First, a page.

Maria Murriel

Digital editor

I manage WLRN's multimedia and engagement projects, including work on WLRN.org, all our social media platforms, and community events.

I help reporters produce videos, build infographics, reformat stories for maximum web-friendliness and bug them about tweeting more pretty much every day. I also coordinate our internship program. (Apply!)

The best part of my job is working with the public. I love reaching out to and hearing from people for projects like our Aftermath series, about shootings in Liberty City, and our literary contests like this year's #PostLits in partnership with the Miami Book Fair International.

I'm a cat lover with an eye for Instagoodness. I like stories about ethnicity, migration issues and the arts.

And my quest in journalism is to #engagesuburbia, because I grew up in Kendall and know there is good across 836.

Ways to Connect

Joe Raedle / Getty Images via Miami Herald

Drunk driving might come with bigger repercussions if a bill filed Monday goes through the Florida Legislature.

A Republican senator is seeking to toughen laws for drivers who refuse to take DUI tests.

Senate Rules Chairman David Simmons, from Altamonte Springs, filed a bill that targets drivers who refuse breath, blood or urine tests.

Currently, people could have their drivers license suspended for refusing a DUI test. Under Simmons’ bill, first-time refusals could lead to fines of at least $500 and six-months probation.

"Two Miami girls reminisce about their chonga days, and other sources of inspiration."

iii Points

Live music has been a part of Art Basel week since the early years, but often it's been a side dish of the visual art shows or served with a heap of art-world exclusivity.

Over the years, music promoters have built a music-festival component to Miami Art Week meant to welcome crowds regardless of their standing in the world of art collection.

Maria Murriel / WLRN

Click through the slideshow to see more of Little Haiti's utilitarian street art.

Miami's Wynwood Arts District has been South Florida's street-art mecca for years. And as the neighborhood's rents rise and galleries migrate to its surroundings, news outlets and the art community itself have implied art is moving into Little Haiti.

But Little Haiti has been speckled with art since at least 1994. It may have just been mistaken as signage.

Carl Juste / Miami Herald

Cuban culture has dominated Miami for decades. Cuban-Americans are the area’s largest Latino group and have loads of political representation.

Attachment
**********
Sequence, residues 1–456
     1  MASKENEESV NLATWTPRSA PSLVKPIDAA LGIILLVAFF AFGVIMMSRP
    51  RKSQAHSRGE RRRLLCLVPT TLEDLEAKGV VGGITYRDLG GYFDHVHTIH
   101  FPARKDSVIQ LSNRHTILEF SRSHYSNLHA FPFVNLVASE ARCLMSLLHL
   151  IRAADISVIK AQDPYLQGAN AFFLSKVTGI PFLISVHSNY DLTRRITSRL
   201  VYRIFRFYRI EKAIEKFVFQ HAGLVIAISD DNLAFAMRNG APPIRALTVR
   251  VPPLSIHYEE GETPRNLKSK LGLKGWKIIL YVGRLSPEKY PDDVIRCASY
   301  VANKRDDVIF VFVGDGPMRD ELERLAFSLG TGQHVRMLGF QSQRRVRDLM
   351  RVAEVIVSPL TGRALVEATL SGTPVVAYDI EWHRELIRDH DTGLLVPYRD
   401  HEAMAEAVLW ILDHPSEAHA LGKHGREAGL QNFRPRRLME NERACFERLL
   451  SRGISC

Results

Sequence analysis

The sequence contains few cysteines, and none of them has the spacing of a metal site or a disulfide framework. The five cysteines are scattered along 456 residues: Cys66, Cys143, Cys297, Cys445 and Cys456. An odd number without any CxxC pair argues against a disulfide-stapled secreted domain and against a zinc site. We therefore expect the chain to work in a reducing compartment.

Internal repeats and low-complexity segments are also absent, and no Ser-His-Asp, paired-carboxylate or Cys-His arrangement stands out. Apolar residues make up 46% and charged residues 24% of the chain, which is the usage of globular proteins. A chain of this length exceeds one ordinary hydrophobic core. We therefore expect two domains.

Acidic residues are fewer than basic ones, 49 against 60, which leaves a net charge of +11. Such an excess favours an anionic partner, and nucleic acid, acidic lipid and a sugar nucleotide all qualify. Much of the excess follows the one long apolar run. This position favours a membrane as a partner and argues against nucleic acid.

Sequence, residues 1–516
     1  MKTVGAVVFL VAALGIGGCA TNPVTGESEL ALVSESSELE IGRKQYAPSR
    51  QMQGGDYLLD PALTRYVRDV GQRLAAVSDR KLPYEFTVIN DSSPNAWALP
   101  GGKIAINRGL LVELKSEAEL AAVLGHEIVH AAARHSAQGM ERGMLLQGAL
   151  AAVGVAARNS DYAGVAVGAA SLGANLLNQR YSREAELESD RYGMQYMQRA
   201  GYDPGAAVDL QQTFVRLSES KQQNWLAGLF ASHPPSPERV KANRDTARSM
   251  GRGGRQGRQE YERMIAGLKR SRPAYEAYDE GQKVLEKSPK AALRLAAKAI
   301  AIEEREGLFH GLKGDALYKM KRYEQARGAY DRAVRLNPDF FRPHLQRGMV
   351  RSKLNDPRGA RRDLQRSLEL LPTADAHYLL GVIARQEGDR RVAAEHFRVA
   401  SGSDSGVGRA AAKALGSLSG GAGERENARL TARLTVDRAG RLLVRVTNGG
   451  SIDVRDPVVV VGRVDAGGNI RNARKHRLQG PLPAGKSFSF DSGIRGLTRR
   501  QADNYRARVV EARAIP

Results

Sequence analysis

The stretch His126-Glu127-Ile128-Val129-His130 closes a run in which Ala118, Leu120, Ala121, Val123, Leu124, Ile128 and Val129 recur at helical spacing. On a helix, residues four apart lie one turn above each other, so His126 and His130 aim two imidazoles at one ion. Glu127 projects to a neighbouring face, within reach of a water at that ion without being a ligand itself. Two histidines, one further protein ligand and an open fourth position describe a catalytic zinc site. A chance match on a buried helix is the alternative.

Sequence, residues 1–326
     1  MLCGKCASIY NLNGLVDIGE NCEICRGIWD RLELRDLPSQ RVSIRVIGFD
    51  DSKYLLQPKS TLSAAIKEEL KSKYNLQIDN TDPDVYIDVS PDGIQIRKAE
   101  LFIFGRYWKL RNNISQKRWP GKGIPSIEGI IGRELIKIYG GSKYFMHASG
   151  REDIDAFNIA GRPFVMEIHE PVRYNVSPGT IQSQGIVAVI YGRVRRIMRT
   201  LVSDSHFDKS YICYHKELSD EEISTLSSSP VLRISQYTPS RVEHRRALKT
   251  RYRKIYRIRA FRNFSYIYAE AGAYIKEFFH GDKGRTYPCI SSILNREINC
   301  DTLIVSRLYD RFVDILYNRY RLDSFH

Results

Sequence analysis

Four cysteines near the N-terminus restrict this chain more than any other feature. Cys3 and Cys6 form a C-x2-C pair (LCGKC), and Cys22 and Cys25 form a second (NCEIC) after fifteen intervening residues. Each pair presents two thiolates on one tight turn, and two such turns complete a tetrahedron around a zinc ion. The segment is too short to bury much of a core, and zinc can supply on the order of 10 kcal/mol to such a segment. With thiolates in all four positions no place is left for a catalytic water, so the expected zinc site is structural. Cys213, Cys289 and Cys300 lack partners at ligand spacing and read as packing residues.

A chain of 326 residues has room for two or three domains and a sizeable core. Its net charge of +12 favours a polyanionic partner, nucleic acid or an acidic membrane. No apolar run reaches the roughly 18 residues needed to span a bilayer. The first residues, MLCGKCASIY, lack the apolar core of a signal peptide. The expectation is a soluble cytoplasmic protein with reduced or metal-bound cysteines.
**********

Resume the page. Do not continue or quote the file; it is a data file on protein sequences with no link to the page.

But the number -- and influence -- of immigrants from other Latin American countries is growing. And there’s a tense debate over the immigration privileges Cubans enjoy -- because no other immigrant group gets them.

Maria Murriel / Illustration

Last week, the Miami-Dade County Commission approved the renaming of a library and a park in the suburb of West Kendall. They went from West Kendall to West End Regional Library and West End District Park.

This renaming is part of a multi-year plan by District 11 Commissioner Juan Zapata to create an area called "West End."

We received an overwhelming amount of feedback about this issue, most of it negative. Read some responses in the slideshow at the top of this post.

Chabeli Herrera (illustration)

By the time Don Francisco holds his final on-air singing contest this last Sábado Gigante, on Sept. 19, many a Spanish-speaking household in the U.S. -- and most of Latin America -- will have at some point noted the longevity of his show.

Generations of Latinos have laughed and cried with Mario Kreutzberger in character as host of the 53-year-old variety show.

National Hurricane Center

Hours after it strengthened to a Category 2 hurricane, Danny, this season's first storm grew to a Category 3.

Below is an excerpt from the National Hurricane Center's statement:

Reports from a NOAA Hurricane Hunter aircraft indicate that Danny is now a Category 3 Hurricane on the Saffir-Simpson Hurricane Wind Scale. The maximum winds are estimated to be 115 mph (185 km/h) with higher gusts.

Jason Howle / Flickr via https://creativecommons.org/licenses/by/2.0/

It's not only about shaming. Some restaurant owners and chefs in South Florida use their social media accounts to vent about competitors, try to locate dine-and-dashers and, yes, trash bad reviewers. 

Whether it's a personal profile or the brand's account, commenters seem to stand by the posters putting their guests on blast.

Maria Murriel / WLRN

JUPITER, FLA. -- Onesimo Lopez-Ramos immigrated to the U.S. from Guatemala -- one of the most violent countries in the western hemisphere. But even living in the quiet town of Jupiter, Fla., at the northern end of Palm Beach County, he couldn't escape lethal brutality.

The 18-year-old Lopez-Ramos was killed this past April, allegedly by three young white men who said they were targeting immigrants -- or "Guat-hunting" as one of them told police afterward in a disturbing confession.

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